Data breach firm given access despite DfE probe


The founder of a firm at the centre of a major education data breach involving betting companies was subject to a previous government investigation.

Unions are now demanding an independent investigation over how the Department for Education gave the firm, which offers screening checks, access to the Learning Records Service database.

The LRS contains the names, ages and addresses of 28 million young people aged 14 and over in schools and colleges across the United Kingdom.

Given the hugely sensitive nature of this data it’s vital there are rigorous checks

The Education and Skills Funding Agency launched an investigation this week after the Sunday Times found the LRS had been accessed by data intelligence firm GB Group – whose clients include 32Red and Betfair among other gambling companies.

GB Group used the LRS for age and identity verification services for its clients. But the newspaper claimed one gambling firm had boosted the numbers of young people passing its identity checks by 15 per cent by using the database.

According to the department, the “education training provider” which “wrongly provided access” to the LRS was Trustopia.

But an investigation by sister paper FE Week has found that not only is the firm not registered as a provider – it’s co-founder Ronan Smith was subject to a government investigation in 2017.

His training company later went bust – leaving learners in thousands of pounds of debt.

Urgent probe needed to check DfE criteria

Kevin Courtney, joint general secretary of the NEU, said: “There needs to be an urgent investigation looking at the criteria the DfE uses to grant access to the data and the identities of organisations which already have access.

“Given the hugely sensitive nature of this data it is also vital that there are rigorous checks on any organisations which are granted access.”

Privacy rules state that a young person’s personal information should only be accessed through the LRS by organisations “specifically linked to their education and training”.

The DfE suspended access to the system this week in order to carry out the “necessary checks to ensure data security”. It reopened yesterday (Thursday).

The department said the company had access to the LRS because they registered with a UK Provider Reference Number (UKPRN) on the UK Register of Learning Providers (UKRLP) as an apprenticeship provider.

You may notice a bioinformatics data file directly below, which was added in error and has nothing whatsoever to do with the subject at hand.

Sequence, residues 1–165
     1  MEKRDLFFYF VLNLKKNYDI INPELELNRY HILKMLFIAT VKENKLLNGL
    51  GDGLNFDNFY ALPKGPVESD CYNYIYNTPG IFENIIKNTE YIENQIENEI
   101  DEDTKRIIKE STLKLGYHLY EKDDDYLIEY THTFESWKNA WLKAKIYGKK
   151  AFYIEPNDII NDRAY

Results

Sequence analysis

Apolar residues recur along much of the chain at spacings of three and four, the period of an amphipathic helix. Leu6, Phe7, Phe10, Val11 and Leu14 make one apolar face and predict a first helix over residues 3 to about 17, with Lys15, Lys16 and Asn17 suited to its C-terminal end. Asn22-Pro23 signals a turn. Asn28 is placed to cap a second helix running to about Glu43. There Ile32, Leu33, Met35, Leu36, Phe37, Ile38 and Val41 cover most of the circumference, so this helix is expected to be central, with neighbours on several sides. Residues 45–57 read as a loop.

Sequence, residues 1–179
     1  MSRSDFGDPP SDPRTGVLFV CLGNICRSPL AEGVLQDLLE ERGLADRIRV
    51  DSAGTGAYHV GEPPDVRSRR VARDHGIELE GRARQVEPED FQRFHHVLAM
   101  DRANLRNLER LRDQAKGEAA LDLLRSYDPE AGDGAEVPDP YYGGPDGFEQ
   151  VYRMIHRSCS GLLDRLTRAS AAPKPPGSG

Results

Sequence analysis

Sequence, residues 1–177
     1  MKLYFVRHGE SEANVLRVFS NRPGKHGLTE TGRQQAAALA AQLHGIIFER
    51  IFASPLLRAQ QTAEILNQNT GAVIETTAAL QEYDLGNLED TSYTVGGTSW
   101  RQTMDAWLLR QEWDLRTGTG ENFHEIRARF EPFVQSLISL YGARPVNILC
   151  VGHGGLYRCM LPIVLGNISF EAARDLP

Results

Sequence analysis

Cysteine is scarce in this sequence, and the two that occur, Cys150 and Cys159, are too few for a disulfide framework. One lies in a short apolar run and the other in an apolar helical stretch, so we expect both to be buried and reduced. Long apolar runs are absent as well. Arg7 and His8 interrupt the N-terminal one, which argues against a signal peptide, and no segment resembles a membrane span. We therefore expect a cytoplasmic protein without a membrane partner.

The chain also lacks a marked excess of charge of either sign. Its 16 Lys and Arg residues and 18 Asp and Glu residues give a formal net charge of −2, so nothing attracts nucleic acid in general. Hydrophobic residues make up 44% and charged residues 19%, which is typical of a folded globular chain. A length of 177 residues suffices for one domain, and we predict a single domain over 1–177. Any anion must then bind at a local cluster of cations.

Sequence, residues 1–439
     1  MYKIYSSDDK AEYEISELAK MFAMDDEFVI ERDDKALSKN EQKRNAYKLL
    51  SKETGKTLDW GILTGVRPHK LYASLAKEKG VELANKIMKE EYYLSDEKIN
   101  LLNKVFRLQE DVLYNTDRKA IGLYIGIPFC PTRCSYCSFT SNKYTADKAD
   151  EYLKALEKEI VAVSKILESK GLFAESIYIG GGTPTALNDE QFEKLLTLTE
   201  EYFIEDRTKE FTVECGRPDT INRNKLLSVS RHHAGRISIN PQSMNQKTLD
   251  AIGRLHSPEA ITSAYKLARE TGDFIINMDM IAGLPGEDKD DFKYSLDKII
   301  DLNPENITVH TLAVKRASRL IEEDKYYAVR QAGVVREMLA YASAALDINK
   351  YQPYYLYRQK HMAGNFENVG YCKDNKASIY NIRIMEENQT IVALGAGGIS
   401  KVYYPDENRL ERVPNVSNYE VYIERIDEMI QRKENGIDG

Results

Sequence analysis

But our investigation has found Trustopia is not on the government’s approved register of apprenticeship providers. Its “nature of business”, according to Companies house, is “other information technology service activities”.

Smith declined to comment on the breach, but did confirm Trustopia is not a training provider.

Government has ‘failed young people’

A previous investigation by FE Week exposed how any company can gain a UKPRN within 24 hours, simply by providing their limited company number.

A DfE spokesperson would not say why Trustopia was given access to the LRS, or what it used the service for, adding a “full investigation is underway”.

The Information Commissioner’s Officer, the government’s data watchdog, is now “making enquiries”.

Prior to co-founding Trustopia, Smith ran a training company called Edudo. It was investigated by the ESFA in 2017.

The ESFA would not say why, but subsequently terminated the firm’s contracts which were used to deliver courses paid for by a government loan. Smith then transferred Edudo’s assets to a new company called Learning Republic, which went bust.

Hundreds of learners were subsequently left with thousands of pounds in debt – and no qualifications.

The DfE has failed these young people by not performing the relevant due diligence

Smith declared as bankrupt in November 2019.

Juliana Mohamad Noor, from the National Union of Students, said the DfE has “failed these young people by not performing the relevant due diligence” and called for a “full investigation to ensure no more harm is done” to the youngsters involved.

A DfE spokesperson said Trustopia “broke their agreement with us. This was completely unacceptable and we have immediately stopped the firm’s access and ended our agreement with them. We will be taking the strongest possible action.”

A GB Group spokesperson said they take the claims “very seriously and, depending on the results of our review, we will take appropriate action”.

Trustopia did not respond to requests for comment.

Schools Week reported in November how the department is already facing action over “wide ranging and serious” data protection breaches. The ICO said there were “clear deficiencies in processing of pupils personal data by the DfE”.

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One comment

  1. Mark Watson

    Whilst not in any way dismissing the seriousness of the breach, can someone explain to me what “harm” has been done to the young people caught up in this. It seems as though the use of the data was to improve the ability of online gambling firms to check the ages of applicants, making it more likely that underage children would not be allowed access to online gambling.

    Also, other than being a ever reliable source of anti-DfE diatribe, what does Kevin Courtney and the NEU have to do with this issue?